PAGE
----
MERS remains prevalent in camels in Saudi Arabia

A survey of slaughterhouses in Riyadh reveals continued risk of zoonotic transmission


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The virus responsible for Middle East respiratory syndrome (MERS), is prevalent in camels slaughtered for meat in Saudi Arabia, according to a new study. 

Dromedaries, the intermediate host, are the only known source of human MERS infections. The virus was first detected in Saudi Arabia in 2012, and  has infected approximately 2,900 people in 27 countries and caused 858 deaths.  With a mortality rate of 34.4%, MERS-CoV is considered to be among the deadliest of the three recently emerged human coronaviruses. 

To assess the risk of future zoonotic transmission, the team surveyed the three main slaughterhouses in Riyadh in the winter of 2019, collecting nasal swabs and blood from  171  young and healthy camels. The nasal swabs were examined using RT-PCR to detect the infection and serum samples were tested using ELISA to detect the neutralizing antibodies. Genetic diversity of positive isolates was determined through the amplification and sequencing of the spike gene.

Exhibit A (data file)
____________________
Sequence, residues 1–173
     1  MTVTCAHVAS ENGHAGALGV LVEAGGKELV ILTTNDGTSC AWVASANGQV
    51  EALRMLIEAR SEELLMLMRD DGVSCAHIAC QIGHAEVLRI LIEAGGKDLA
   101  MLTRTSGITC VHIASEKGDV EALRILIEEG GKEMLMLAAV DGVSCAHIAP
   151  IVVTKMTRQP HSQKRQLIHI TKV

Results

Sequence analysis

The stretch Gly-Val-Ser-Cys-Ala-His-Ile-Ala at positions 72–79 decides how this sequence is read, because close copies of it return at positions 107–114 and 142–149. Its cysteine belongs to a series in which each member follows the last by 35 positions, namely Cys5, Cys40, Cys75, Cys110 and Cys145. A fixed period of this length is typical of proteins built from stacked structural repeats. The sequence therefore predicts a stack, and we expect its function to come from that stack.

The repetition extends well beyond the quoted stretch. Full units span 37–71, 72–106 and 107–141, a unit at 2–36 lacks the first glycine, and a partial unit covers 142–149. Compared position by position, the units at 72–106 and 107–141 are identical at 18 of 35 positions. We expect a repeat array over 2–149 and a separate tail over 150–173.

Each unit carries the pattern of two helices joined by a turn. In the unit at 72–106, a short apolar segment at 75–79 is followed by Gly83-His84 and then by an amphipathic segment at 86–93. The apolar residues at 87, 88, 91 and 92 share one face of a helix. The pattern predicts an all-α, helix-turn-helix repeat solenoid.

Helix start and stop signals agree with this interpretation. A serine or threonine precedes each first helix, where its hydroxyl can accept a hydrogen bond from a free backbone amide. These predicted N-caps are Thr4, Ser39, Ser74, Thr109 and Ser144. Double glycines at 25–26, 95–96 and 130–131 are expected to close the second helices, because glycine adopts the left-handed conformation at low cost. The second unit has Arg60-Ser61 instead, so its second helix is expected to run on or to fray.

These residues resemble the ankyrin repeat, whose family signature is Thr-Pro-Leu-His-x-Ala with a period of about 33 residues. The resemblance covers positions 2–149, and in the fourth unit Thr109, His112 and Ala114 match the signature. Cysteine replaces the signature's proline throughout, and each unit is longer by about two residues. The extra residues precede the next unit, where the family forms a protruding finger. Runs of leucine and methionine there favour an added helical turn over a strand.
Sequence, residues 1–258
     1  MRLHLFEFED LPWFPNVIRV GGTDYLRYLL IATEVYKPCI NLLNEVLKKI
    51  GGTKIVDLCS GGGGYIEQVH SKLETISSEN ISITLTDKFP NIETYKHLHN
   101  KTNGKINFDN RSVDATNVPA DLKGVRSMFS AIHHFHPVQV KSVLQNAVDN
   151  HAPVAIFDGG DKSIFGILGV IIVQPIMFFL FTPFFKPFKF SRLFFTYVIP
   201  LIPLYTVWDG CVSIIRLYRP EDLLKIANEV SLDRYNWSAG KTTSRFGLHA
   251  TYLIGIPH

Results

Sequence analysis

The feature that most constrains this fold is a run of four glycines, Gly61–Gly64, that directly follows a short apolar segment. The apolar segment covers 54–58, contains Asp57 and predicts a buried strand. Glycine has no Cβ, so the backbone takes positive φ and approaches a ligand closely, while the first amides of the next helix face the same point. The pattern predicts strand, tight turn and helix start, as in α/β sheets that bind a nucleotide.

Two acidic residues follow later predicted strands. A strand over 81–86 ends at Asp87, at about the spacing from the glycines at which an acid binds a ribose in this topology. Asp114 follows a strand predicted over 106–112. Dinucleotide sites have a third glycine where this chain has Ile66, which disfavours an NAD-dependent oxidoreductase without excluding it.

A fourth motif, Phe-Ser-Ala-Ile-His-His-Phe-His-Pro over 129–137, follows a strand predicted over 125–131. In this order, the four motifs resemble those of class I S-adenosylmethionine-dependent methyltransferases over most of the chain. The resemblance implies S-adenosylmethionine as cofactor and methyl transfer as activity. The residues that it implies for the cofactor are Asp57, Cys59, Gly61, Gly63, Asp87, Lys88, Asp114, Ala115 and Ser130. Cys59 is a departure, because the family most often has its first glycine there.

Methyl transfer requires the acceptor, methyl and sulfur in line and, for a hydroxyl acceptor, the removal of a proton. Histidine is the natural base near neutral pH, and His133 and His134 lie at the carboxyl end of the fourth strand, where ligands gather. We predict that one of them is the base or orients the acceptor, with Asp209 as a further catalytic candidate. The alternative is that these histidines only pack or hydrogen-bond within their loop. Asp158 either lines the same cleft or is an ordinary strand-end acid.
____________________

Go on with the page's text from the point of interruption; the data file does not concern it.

The team reported a high prevalence (38.6%) and seropositivity (70.8%) of MERS-CoV. This indicates ongoing circulation of MERS-CoV infection in camels in these slaughterhouses. Efforts should be made to protect people in close contact with camels including veterinarians, slaughterhouse and camel workers. 

“The greatest concern is a spillover event that would end up in an outbreak in humans,” says Naif Alharbi, the director of the Vaccine Development Unit at KAIMRC and co-author of the study. “That could happen at any point.”

The researchers also analysed the spike gene of the virus in their samples, and revealed high genetic stability. According to Alharbi, this indicates “that the virus is circulating in camels and getting accustomed to camels as a host without a biological or immunological pressure that would push the virus to change its genetic makeup.” 

Although public health measures such as strict hygiene and moving camel markets to the periphery of cities were introduced in the Kingdom, Saudi Arabia still experiences the highest caseload of MERS. This highlights the urgent need for further action to prevent zoonotic transmissions and outbreaks. 

The authors conclude more research is needed to assess the impact of the virus on public health and potential infection control measures. They also highlight the value of developing a vaccine targeting the spike protein to help combat the virus in camels.


  1. Alharbi, N.K. et al, High Rate of Circulating MERS-CoV in Dromedary Camels at Slaughterhouses in Riyadh, 2019. Viruses, 12, 1-10 (2020). | article

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